These are Renewables Obligation Certificates – effectively a form of currency – as are Carbon Credits – both established by government, operating within the industry, tradeable between one company and another.
These arcane systems are usefully unintelligible outside the industries concerned. Both result from muscular lobbying of governments and both are favourable to industry in allowing a wide spectrum of opportunity to draw revenue from the public purse and to deliver obligations in ways the public might not approve, given the chance to engage in the issues.
The key part of the DECC statement on 25th July, couches the lower than expected reduction in wind subsidies (the outcome of a vigorous internal fightback by the LibDems) does set the strategic context unquivocally:
‘Future support levels
‘It is not the Government’s policy to support renewables at any price. Our ultimate aim is for renewables to become competitive without the need for subsidy. Today’s package sends a strong signal to industry that we expect this to happen over time. (Ed Our emphasis.)To get this moving in the right direction, we are reducing support where it can be done while bringing on the deployment that we need from key technologies, such as offshore and onshore wind, to achieve our aims.
‘The level of support for offshore wind will be set at 2 ROCs/MWh in 2014-15, reducing to 1.9 ROCs in 2015-16 and to 1.8 ROCs 2016-17. This is consistent with our consultation proposals, and reflects our expectation that the costs of offshore wind will fall as mass deployment takes place and industry innovates. We are already working closely with key representatives from industry to reduce costs. The UK has some of the best offshore wind resources in the world and these will be key to the UK meeting its low carbon objectives. The new support levels will ensure that the UK remains its position as the leading location in the world for offshore wind deployment.
‘We can confirm that the level of support for onshore wind for the Banding Review period will be reduced to 0.9 ROCs, guaranteed until at least March 2014. However, we will undertake a call for evidence, starting in September and reporting in early 2013, which will re-assess onshore wind industry costs. If findings of the call for evidence identify a significant change in generation costs, the Government will initiate an immediate review of onshore wind ROC levels, with any new support arrangements for onshore wind taking effect from April 2014. Given the importance of maintaining investor confidence there will be full grandfathering and grace periods for projects already committed. As part of the call for evidence, we will examine how communities can have more of a say over and receive greater economic benefit from hosting onshore wind farms.’
The Scottish position and moves in the game
As with too much these days, wind renewables have become almost inextricably tied to the independence agenda. Amongst other matters of concern, this has distorted governmental public information to the point of apparently conscious deception – as in the suppression of Korean company, Doosan’s decision not to proceed with plans to open a research facility and a factory in Renfrew.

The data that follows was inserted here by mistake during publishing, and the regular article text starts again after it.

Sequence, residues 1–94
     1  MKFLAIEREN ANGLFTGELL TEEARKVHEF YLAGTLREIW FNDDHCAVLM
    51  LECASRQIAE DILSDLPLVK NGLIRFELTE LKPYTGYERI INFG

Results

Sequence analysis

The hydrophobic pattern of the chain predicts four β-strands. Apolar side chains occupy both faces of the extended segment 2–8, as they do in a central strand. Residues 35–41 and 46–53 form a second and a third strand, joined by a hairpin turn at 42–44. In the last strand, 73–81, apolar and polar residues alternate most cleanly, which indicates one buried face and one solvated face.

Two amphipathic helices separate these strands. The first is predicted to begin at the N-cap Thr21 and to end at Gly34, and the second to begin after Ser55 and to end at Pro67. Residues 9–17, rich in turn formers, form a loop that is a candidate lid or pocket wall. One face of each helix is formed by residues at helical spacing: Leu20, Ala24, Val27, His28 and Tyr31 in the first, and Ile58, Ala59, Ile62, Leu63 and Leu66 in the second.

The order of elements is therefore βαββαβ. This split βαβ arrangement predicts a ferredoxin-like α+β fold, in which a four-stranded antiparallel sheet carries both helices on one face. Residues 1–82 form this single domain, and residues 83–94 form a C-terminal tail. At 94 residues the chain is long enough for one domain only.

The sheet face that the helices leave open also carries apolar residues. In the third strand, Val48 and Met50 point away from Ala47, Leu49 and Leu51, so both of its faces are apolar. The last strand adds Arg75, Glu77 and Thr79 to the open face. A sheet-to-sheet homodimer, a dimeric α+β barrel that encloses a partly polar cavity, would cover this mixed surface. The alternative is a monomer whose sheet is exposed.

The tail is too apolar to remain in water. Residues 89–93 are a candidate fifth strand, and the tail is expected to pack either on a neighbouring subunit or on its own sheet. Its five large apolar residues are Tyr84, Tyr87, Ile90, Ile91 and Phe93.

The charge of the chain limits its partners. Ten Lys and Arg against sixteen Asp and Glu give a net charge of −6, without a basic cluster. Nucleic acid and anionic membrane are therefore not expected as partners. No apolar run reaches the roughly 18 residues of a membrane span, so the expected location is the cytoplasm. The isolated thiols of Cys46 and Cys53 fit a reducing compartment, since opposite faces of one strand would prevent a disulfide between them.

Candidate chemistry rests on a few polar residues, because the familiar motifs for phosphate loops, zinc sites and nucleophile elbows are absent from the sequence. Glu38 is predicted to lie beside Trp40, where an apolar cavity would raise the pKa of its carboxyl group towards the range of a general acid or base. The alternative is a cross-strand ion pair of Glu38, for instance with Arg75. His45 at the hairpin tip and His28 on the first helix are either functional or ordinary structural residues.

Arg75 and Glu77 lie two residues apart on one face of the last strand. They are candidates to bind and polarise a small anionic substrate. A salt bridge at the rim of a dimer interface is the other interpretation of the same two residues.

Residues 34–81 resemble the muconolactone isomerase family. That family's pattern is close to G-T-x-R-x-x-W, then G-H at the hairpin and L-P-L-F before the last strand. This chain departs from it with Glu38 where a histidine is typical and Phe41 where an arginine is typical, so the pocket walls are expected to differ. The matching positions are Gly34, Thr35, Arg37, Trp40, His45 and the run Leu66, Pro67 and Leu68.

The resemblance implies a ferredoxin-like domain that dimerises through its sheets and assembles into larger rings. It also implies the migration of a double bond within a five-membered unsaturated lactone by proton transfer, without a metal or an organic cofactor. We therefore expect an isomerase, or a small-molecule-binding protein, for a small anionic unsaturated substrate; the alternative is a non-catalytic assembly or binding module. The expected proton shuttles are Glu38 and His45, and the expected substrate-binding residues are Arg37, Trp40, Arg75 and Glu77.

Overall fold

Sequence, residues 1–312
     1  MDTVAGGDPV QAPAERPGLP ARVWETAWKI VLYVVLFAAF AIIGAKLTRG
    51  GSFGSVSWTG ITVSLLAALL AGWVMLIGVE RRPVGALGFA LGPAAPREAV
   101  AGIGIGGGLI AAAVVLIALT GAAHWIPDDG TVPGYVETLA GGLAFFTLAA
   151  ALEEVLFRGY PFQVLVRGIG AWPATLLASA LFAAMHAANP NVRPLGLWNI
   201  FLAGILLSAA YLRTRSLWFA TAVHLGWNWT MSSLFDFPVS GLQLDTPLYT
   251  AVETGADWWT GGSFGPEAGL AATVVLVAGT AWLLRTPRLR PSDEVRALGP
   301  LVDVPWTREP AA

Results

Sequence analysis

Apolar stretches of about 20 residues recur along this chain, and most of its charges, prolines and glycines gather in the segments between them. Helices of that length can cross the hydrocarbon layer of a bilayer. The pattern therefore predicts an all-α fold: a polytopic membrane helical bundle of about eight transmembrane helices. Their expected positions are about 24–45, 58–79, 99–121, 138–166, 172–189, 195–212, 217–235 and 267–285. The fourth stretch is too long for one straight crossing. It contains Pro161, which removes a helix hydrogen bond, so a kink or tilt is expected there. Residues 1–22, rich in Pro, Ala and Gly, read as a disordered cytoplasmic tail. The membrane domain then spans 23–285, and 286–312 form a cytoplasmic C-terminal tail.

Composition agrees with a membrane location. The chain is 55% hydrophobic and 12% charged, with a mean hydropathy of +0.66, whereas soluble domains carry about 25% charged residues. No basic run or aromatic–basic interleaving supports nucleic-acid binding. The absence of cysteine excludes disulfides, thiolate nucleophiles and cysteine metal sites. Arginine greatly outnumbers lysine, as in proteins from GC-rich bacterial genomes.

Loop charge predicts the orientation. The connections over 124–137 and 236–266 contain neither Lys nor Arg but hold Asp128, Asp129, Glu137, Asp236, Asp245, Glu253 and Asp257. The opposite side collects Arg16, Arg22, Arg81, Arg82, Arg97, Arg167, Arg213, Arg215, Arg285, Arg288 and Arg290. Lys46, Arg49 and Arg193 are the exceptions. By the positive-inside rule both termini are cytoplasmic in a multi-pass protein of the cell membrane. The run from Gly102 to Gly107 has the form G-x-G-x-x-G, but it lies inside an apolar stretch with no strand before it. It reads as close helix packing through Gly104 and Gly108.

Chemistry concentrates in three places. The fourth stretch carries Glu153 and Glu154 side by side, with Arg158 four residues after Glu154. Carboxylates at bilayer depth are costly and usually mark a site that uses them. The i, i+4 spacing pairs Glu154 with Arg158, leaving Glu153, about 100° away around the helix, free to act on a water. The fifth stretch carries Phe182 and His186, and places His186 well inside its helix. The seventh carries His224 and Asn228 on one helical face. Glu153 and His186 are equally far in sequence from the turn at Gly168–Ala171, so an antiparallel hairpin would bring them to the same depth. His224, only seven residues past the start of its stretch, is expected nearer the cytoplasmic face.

The proposition that Scotland can survive and thrive as a small independent country – which of course it can, although at a price more demanding than is popularly imagined or formally laid out – is tightly knitted in to the renewable energy agenda.
The reasons are obvious.
Were Scotland to have a strong renewable energy provision, it would seriously lessen dependence on fossil fuels, reduce carbon emissions, lower energy costs and be an earner through the sale of energy surplus to requirements. These elements contribute collectively to the image of the sustainability of an independent Scotland.
Each one of the elements in this scenario is problematic, from the cart-before-horseness of peppering Scotland with wind farms when the Scottish national grid cannot deal with the energy produced by what is already installed, to the fact that the cost of energy from renewable sources is unlikely to be lower than the present tariffs.
But the political need to be able to support the independence proposition by demonstrating that Scotland will produce substantial wind energy leaves the Scottish Government unable to do other than continue to throw public money at often carpet-bagging industrial ‘investors’.
So, as No Tiree Array [NTA] identify, there is indeed tension between the strategic policies on such subsidies between the Westminster and the Holyrood governments.
The banding regime allows Scotland to set its own rates for such subsidies. The costs, however, are ultimately borne by consumers across the entire United Kingdom in energy bills which have to absorb the cost of subsidies paid and of ‘community benefits’ offered by developers to stall local objection.